Finley: Data says most of state can reopen

Nolan Finley
The Detroit News

State unemployment benefits now form the largest payroll in the nation, and perhaps in the history of the world.

That’s the analysis from economist Patrick Anderson, who estimates jobless payments nationwide total $16 billion a week. In Michigan, the figure is $840 million weekly.

"We can’t sustain it," says the chairman of Anderson Economic Group in Lansing. "Part of my serious issue with the decision-making at the state level is the failure to be frank with people about the cost of these shutdowns and restrictions.

"They will have a crushing impact on lives, and on the ability of state government to deliver services to residents."

Anderson Economic Group founder Patrick Anderson

Government does not have the resources to replace such a large segment of the private economy. The feds can print money and add the bill to the deficit for future Americans to pay. But states like Michigan are constitutionally obliged to balance their budgets. The state will have to slash spending or raise taxes or both to cover a virus-related shortfall estimated as high as $3.5 billion — or more than a quarter of its General Fund.

So President Donald Trump was telling the truth when he said states have no choice but to reopen their economies. Friday’s jobless report of a 14.7% unemployment rate — highest since the Depression — makes that clear.

Gov. Gretchen Whitmer has grudgingly begun the reopening process, allowing construction to resume last week and manufacturing on May 18. Other large sectors, including retail and personal services, are awaiting their go-aheads.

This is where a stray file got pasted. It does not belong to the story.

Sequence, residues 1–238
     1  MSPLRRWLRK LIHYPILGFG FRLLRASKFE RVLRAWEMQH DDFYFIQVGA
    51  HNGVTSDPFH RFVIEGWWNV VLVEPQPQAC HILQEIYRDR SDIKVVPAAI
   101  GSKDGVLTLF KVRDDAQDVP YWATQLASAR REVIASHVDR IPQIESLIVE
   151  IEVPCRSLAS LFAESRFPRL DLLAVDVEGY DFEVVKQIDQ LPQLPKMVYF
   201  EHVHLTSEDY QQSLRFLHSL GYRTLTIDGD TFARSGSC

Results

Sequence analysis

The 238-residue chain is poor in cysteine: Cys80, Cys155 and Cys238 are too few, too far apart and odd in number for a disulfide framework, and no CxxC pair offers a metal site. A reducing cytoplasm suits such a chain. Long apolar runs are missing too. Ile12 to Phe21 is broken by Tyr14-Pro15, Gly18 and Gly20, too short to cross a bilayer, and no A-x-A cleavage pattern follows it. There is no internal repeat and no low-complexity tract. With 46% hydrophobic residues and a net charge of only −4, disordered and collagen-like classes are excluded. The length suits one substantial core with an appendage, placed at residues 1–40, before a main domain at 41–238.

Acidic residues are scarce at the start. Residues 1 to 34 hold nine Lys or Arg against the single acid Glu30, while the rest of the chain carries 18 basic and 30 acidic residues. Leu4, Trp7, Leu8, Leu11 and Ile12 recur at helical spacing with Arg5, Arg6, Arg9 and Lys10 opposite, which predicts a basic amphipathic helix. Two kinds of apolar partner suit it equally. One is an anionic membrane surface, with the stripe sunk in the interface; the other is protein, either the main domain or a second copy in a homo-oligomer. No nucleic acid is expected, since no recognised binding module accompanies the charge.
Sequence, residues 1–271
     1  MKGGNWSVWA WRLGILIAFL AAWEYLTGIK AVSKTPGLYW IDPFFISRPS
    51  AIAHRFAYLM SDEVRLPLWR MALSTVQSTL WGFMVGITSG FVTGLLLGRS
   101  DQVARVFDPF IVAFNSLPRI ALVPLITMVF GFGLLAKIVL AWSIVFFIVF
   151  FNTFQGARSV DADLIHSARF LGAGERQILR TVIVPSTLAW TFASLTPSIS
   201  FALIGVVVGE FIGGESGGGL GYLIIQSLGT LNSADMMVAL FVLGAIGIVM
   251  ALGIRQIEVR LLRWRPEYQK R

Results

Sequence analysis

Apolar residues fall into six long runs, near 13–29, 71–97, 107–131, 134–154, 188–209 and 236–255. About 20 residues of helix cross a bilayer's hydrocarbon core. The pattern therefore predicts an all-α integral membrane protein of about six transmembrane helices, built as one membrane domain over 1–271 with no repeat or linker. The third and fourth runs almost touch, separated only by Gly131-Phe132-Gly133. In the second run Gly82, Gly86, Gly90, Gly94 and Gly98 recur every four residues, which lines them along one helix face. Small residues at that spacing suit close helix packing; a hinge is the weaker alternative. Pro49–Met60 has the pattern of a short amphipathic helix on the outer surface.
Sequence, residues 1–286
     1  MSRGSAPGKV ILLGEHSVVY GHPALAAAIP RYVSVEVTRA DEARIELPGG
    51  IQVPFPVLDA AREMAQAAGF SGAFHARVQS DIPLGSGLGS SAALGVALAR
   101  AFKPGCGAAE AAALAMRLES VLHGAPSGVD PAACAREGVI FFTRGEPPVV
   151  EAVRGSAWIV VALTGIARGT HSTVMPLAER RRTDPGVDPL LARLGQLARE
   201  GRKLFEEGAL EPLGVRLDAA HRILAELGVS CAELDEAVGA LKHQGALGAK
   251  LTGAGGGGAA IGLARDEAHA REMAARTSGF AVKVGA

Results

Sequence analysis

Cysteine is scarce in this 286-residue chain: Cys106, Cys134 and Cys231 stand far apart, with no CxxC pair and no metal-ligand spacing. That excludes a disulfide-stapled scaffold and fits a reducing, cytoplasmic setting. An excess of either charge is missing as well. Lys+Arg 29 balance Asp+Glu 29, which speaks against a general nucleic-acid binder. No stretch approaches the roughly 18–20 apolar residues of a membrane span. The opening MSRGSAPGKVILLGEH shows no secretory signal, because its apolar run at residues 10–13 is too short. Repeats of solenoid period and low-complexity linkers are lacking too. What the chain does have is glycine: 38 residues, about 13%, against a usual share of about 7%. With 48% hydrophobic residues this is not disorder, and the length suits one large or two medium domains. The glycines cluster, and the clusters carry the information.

The reopen could have started much earlier, and mitigated the cost. While Whitmer says science and data are guiding her decisions, that’s not quite true. 

Anderson has been using data to track the progress of the pandemic in Michigan. His numbers show the outbreak peaked here in early-April. But Whitmer, he noted, last week was using projections of 3,800 new cases a day to justify her orders. In actuality, the peak was 1,800 a day and the trend was 1,300 a day. 

The true numbers, Anderson contends, indicate the state could have began a cautious reopening a month ago, as many business leaders urged. Instead, the governor tightened the shutdown, adding provisions against travel to second homes, motor boating and buying gardening supplies.

Today, Anderson's data indicates most of the state could be safely open with minimal restrictions. That would exclude hot spots such as Metro Detroit and Kent County.

Instead of adding to a bill we have no idea how to pay, we could be reducing the number of Michiganians who are drawing state benefits — and easing the misery of those who aren’t eligible for assistance.

"If you are in a majority of counties in Michigan, there’s no basis for extending a stay-at-home order," Anderson says. And yet the governor extended it to May 28 statewide.

The virus is not the singular threat to Michigan. A state government that can’t afford to properly operate schools, provide assistance to the poor, maintain its parks and fix its roads also will cause its citizens hardship.

The reality is Michigan can’t afford to keep spending at this pace to try to make up for the damage the needlessly broad shutdown is doing to the economy.

Twitter: @NolanFinleyDN

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